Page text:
Gun Rights, Election Runoff, Medicaid Expansion Face Potential Deciding Votes
Bills that aim to protect Wyoming gun owners from federal anti-gun laws, expand eligibility for Medicaid in Wyoming, and mandate primary election runoffs if no candidate gets a majority are all slated for decisive votes on the Wyoming Legislature today.
It's possible that any or all of those bills could be laid back, as the runoff election bill was yesterday. A reconsideration vote on any of the bills is also possible but barring those scenarios, supporters of the proposed laws should find today out whether the measures will move on to the other house of the legislature.
Senate File 81, the Second Amendment Preservation Act, aims to reign in federal gun control efforts that may be applied going forward, such as taxes that specifically target guns or gun accessories and federal gun confiscation programs. President Biden's statements on Tuesday calling for new federal gun-control laws in the wake of a mass shooting in a grocery store in Colorado earlier this week may give Senate File 81 new momentum. But in floor debate in the Wyoming Senate, opponents of the bill have argued that the bill is essentially an effort at state nullification of federal laws, a gesture that they say is both futile and pointless. There have also been concerns raised that the measure might cause state residents to run afoul of federal gun laws by falsely believing they could ignore the laws in Wyoming.
Sen. Charles Scott [R-Natrona County] said Monday that while he supports the intent of the bill. it "needs a lot of work." The bill potentially faces third and final reading in the Senate today.
The latest in a long line of Medicaid expansion bills to be considered by Wyoming lawmakers, House Bill 162, could face a deciding vote in the Wyoming House today. A Senate Medicaid expansion bill that specified that Wyoming would only participate in an expansion of the program so long as the federal government continues to pick up 90 percent of the cost, is dead for this session. If House Bill 162 becomes law, it would extend health care coverage to roughly 25,000 low-income Wyoming residents who currently don't have insurance.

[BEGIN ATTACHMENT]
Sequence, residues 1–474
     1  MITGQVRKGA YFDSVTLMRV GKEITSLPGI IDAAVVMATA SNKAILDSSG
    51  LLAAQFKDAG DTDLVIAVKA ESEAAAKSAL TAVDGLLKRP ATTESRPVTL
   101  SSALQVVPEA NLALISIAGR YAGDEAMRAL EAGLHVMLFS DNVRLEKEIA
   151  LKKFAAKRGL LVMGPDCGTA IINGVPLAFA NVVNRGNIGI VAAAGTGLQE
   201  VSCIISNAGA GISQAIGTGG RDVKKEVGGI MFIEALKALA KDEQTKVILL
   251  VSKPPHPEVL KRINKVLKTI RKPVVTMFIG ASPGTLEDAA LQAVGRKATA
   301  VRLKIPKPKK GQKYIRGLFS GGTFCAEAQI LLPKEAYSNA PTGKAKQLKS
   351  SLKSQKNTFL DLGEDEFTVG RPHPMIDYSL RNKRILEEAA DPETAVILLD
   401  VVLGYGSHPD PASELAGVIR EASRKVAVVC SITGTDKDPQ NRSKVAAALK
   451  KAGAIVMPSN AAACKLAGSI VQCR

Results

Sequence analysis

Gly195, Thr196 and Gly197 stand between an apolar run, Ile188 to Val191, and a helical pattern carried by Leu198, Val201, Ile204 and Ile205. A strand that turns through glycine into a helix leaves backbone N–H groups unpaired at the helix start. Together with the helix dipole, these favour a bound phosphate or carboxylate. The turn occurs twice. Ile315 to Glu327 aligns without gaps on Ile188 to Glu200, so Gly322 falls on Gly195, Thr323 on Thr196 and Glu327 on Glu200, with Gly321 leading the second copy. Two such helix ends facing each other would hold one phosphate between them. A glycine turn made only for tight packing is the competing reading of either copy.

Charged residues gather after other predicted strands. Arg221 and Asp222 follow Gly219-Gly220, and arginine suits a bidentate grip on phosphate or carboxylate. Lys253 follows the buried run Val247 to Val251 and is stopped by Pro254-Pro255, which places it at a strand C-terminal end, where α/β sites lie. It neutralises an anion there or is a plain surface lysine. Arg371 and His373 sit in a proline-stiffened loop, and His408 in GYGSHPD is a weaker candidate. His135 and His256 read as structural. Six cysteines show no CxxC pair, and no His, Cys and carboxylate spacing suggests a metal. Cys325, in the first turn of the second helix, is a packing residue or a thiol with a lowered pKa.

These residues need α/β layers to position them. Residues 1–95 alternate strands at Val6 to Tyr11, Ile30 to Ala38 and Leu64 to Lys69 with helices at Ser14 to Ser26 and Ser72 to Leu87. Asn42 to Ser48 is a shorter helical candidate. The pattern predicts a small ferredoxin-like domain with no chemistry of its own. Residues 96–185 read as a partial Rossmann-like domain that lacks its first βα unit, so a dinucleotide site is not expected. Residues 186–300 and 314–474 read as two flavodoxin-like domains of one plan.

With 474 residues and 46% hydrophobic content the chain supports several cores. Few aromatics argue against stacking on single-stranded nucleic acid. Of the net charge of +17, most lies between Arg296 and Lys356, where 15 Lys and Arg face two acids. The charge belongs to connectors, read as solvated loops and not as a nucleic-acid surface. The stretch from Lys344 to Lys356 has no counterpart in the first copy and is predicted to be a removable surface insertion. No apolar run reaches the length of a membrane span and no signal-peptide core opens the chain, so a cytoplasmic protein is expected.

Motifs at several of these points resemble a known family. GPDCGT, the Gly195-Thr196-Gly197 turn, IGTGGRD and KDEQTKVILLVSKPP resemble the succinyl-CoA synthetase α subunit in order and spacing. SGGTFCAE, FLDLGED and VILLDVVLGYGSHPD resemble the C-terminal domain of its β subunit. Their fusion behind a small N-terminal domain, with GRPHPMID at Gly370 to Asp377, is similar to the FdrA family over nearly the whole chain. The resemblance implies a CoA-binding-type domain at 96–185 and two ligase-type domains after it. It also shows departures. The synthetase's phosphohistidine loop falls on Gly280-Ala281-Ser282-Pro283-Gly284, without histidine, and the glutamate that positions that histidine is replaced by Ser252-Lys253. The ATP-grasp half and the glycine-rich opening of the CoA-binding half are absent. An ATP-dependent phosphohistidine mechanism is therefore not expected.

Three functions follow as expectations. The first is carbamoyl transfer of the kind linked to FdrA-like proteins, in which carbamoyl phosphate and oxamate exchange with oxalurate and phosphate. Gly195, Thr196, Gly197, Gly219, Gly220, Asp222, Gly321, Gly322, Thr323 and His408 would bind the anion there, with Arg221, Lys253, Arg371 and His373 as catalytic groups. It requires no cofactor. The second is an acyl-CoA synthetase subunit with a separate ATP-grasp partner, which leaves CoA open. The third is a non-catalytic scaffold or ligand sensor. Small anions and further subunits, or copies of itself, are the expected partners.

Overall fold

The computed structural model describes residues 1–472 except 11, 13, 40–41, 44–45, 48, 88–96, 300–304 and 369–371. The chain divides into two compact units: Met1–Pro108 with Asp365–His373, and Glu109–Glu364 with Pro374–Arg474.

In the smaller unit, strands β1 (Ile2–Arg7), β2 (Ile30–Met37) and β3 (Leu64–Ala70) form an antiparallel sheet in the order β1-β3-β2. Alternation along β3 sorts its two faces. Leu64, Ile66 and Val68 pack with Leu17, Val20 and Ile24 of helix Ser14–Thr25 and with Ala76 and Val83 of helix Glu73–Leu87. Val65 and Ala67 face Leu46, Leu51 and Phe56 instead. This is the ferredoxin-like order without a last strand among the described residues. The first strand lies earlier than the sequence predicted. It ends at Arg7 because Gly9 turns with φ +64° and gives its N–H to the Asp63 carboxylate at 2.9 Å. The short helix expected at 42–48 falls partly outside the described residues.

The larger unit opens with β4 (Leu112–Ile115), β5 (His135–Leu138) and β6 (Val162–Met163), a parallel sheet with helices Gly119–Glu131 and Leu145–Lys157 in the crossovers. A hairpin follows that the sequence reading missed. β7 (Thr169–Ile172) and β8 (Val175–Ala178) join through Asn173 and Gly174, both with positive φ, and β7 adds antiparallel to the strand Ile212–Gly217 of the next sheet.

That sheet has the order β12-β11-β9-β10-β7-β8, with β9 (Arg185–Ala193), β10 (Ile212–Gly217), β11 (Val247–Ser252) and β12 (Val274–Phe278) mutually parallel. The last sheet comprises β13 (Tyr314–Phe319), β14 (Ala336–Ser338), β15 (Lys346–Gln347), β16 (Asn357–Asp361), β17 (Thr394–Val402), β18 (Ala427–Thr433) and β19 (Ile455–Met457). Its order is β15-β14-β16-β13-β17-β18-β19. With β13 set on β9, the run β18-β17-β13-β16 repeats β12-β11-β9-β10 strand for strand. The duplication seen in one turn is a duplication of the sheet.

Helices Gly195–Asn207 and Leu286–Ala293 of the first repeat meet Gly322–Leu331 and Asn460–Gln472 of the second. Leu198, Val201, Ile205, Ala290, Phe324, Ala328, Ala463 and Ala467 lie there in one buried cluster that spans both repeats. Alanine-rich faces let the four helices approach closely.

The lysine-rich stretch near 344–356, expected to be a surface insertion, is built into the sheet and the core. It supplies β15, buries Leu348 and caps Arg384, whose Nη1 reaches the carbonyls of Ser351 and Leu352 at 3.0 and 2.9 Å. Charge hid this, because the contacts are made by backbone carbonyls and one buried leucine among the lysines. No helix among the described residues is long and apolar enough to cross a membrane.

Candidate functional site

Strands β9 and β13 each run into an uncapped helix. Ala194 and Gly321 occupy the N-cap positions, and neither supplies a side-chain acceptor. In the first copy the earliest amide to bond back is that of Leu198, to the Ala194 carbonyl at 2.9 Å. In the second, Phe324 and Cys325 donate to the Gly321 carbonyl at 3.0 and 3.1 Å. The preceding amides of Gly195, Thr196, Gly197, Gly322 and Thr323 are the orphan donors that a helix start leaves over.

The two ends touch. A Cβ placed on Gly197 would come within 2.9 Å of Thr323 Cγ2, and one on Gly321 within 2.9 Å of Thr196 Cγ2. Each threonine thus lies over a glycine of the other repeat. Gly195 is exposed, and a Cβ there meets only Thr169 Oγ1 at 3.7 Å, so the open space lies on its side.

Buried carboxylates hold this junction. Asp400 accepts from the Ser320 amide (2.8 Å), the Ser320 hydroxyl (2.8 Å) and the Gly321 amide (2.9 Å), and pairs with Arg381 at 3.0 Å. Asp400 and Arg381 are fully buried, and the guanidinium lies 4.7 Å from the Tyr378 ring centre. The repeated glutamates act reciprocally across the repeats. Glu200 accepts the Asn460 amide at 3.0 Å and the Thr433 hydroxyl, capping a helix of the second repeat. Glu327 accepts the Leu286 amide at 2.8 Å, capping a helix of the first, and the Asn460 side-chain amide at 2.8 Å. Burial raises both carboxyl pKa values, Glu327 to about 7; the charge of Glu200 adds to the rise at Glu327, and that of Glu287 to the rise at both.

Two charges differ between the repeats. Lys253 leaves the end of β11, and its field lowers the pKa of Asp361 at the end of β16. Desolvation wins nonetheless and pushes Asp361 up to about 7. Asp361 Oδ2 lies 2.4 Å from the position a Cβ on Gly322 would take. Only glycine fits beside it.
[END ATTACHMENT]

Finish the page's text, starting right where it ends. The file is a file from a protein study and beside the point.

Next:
Senate File 145, mandating runoff elections in primaries where no candidate geets a majority of the votes in the first round is slated for third reading in the Wyoming Senate today after being laid back for a day yesterday while the bill's sponsors considered possible amendments. The bill's primary sponsor, Sen. Bo Biteman [R-Sheridan County] says the intent of the bill is to make sure that party nominees truly have the support of the voters in that party.
He points to a number of state races in recent years in which the nominees win the primary with well under 50 percent of the vote. But opponents of the bill say they worry that adding one more round of elections to the electoral process will discourage voter turnout and say that with the state struggling financially, now is not the time to be adding the cost of another round of elections.
The bill originally called for setting aside $1.5 million for potential runoff elections, but that amount was later amended to $750,000. Donald Trump Jr. at one point came out in favor of Senate File 145 in hopes that Rep. Liz Cheney might be defeated in a 2022 runoff election. But after county election officials complained about a lack of time to implement the changes next year, the bill was implemented to not take effect until the 2024 elections.